The GAP is in all kinds of trouble for selling a plain black T-shirt bearing the words "Manifest Destiny."
For those in need of a history refresher, the phrase was used in 19th century America as both an ideology and slogan for the genocide of thousands of the country's First Nations people. It basically flat-out stated that it was the destiny of North America to be colonized by the Europeans, at the expense of Native lives.
And so it would seem to make no sense whatsoever for that slogan to appear -- unexplained -- on a T-shirt in the GAP's special new line produced in partnership with GQ by designer Mark McNairy. And yet there it was!
The complaints started rolling in pretty much immediately, reports Indian Country Today Media Network.
"We are asking GAP to realize that by selling this shirt, it indicates that the company is either racist, and/or ignorant, and/or insensitive to the true meaning of the phrase."
That petition currently has more than 4,000 signatures.
For others, no amount of apologizing can make up for the shirt.
"Maybe a friend of mine is right," writes William S. Yellowrobe, a native poet and playwright, in a comment published by Indian Country Today Media Network. "GAP should come out with a 'Final Solution' T-shirt, or a 'Got Slaves,' T-shirt. Because this issue involves Native people specifically, maybe GAP hopes there will be no one to call them on it…"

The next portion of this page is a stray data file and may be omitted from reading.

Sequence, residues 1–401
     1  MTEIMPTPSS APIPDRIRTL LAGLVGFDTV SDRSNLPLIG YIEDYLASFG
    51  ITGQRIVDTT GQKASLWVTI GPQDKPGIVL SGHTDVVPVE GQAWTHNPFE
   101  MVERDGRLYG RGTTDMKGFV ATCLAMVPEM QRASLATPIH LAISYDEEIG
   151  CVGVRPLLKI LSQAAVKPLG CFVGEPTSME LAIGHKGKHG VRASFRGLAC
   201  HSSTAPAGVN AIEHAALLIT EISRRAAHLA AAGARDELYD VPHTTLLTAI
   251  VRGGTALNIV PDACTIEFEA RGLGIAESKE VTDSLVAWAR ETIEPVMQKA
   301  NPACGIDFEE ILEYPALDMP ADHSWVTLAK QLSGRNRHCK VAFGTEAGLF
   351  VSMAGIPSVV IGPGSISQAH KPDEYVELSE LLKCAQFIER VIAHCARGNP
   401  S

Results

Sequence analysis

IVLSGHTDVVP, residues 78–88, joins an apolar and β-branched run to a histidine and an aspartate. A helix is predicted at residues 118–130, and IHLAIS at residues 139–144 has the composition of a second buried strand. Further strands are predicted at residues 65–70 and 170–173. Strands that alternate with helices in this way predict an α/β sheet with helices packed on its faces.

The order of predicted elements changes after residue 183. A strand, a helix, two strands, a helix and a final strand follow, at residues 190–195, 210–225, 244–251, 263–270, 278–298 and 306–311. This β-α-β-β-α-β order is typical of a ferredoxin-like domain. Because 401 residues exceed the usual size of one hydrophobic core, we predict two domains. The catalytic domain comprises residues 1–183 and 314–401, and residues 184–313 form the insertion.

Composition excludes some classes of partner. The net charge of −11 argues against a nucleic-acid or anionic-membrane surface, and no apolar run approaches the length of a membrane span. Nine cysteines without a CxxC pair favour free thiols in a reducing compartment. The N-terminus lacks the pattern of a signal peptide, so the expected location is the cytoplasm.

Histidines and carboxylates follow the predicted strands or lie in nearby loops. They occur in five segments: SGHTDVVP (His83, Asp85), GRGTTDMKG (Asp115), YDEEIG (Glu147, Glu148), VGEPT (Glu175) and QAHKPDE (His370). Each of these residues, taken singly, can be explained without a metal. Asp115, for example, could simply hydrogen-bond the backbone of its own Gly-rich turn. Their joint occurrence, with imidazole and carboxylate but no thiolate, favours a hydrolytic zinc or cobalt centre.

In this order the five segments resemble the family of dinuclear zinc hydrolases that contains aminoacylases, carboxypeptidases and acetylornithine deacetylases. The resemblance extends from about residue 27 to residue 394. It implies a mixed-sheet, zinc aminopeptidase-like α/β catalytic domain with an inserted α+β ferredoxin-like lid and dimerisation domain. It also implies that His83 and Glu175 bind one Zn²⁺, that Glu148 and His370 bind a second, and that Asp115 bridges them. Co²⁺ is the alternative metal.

Artist and filmmaker Steven Paul Judd also had some stern words.
"See, what they see as a clever little shirt on 'how the west was won' or maybe a 'YOLO, make your own destiny' type of shirt — Is not what I see. I'm sadden [sic] to think about what my ancestors went through because of the 'manifest destiny' mindset, and even more sadden [sic] to know that the effects of it can still be felt today."
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So how did this come about?
Salon reports that the designer of the T-shirt, Mark McNairy, initially responded to the complaints with the following insanely offensive Tweet.
"Manifest Destiny! Survival of the Fittest!"
That tweet has since been deleted, and he followed it up with the following apology.
"I am sorry for my survival of the fittest comment. It hurt me deeply to be called a racist as that is not me. I reacted without thinking."
The GAP has pulled the shirts from stores and online, but has yet to issue an explanation or apology. It did respond to Salon's coverage of the issue with the following statement.
"Saw your story and wanted to let you know that the 'Manifest Destiny' t-shirt by Mark McNairy, offered through the GQ partnership, will no longer be sold in Gap stores or online. We value all customer feedback, and wish to emphasize that our intention was not to offend anyone."
Whether GAP will publicly apologize remains to be seen.